Link to this page: http://www.socialistparty.org.uk/issue/771/16993
Having a fine time? Not if you're a courier driver
A South West Socialist Party member
Van drivers fined for late deliveries, unable to take holidays for fear of being fined - this is the reality of working life for a workforce in Cardiff.
My cousin Ryan gets up at 5am six days a week and if he's lucky he's back home by 6.30pm.
He works for Yodel, formerly Home Delivery Network before it became part of the Barclay Brothers' empire, along with the Ritz Hotel and the Daily Telegraph. The new regime offered redundancy or new terms and conditions to the drivers.
That was in 2011. Life was hard enough before, but under Yodel the screw was turned ever tighter. Drivers had to buy or lease their vans and pay for their own fuel.
Yodel introduced timed deliveries with a premium price for pre-midday deliveries from such outfits as Littlewoods and Tesco.
The downside of that was a penalty clause for deliveries after midday. Yodel's answer? Shift the risk onto the drivers.
Ryan explained: "One driver was pushed to breaking point by the timed delivery policy. We're expected to travel to every corner of our round to perform our pre-midday deliveries and if we fail, we're fined £10 per parcel.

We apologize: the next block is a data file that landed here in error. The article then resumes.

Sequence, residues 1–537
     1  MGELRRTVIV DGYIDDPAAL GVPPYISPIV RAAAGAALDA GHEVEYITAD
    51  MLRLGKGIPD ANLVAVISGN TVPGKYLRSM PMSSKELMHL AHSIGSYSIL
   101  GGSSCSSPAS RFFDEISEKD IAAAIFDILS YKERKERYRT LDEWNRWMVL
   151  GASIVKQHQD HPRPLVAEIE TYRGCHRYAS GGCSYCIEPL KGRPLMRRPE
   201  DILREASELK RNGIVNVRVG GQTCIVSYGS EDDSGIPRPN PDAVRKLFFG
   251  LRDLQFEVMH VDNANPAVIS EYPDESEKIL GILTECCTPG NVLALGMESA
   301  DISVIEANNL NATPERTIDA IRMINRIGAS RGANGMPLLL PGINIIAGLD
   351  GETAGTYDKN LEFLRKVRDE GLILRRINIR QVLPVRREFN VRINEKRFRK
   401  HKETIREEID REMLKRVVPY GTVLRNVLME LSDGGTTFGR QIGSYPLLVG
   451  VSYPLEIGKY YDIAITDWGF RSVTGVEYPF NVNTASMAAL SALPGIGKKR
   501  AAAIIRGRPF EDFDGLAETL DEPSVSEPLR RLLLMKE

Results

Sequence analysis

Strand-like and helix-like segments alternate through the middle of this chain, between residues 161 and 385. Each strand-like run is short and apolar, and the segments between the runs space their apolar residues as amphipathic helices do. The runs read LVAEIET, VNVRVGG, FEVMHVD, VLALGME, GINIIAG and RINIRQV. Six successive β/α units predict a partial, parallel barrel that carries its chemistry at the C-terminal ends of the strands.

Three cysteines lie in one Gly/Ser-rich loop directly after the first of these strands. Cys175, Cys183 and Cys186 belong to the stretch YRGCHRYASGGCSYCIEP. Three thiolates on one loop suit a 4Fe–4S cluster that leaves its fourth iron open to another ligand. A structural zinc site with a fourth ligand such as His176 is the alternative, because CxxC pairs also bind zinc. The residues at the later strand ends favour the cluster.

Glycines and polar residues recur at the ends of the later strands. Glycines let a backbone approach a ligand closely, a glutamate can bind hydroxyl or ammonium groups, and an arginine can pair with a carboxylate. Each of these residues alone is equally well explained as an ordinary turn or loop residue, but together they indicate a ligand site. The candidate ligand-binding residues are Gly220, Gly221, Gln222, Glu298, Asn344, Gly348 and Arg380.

"This driver missed eight parcels for a Tesco store by a few minutes. Instead of showing him compassion, the depot manager fined him the full £80. He hit the manager and was instantly dismissed."
Yodel's contract stipulates that they must find someone else to cover their round if they have the temerity to want a day off.
Ryan said: "Who can we expect to cover our round except other drivers? But they're usually too stretched to take on extra work and if the round is uncovered Yodel fine drivers between £90 and £250 a day. They say that's to cover the cost of a replacement vehicle, fuel and driver.
"The time a colleague was fined £250 was in the busy pre-Christmas period. Management decided it would take two drivers in two vans with two loads of fuel to complete the round. Funny they expected one man to do that work normally!"
Ryan copped a £105 fine when he took a day off but, because he's taken just three days off in the last 18 months, he's been allowed to keep the wage he earns. A workmate has had just one day in that time.
All van drivers have to earn about £250 each week to cover fuel, insurance and van-lease. Earnings vary according to the load and at busy times drivers can earn up to £1,000 a week (minus overheads). Other weeks it can be as little as £400.
So with holidays a thing of the past and a constant threat of fines you would think drivers would be leaving in their droves.
One driver found another job but Yodel threatened to fine him for every day his round was not covered during his 90-day notice period.
As Ryan said: "This intimidation should not be tolerated, but management have imposed an environment where the workers are too scared to challenge them."
Ryan speaks to drivers in other delivery companies and fines are not unique to Yodel. One competitor fines its drivers if they are early - as well as for being late - £25 for each transgression.
If a driver is ahead of schedule they have no option but to pull over for a few minutes!
In The Socialist 26 June 2013:
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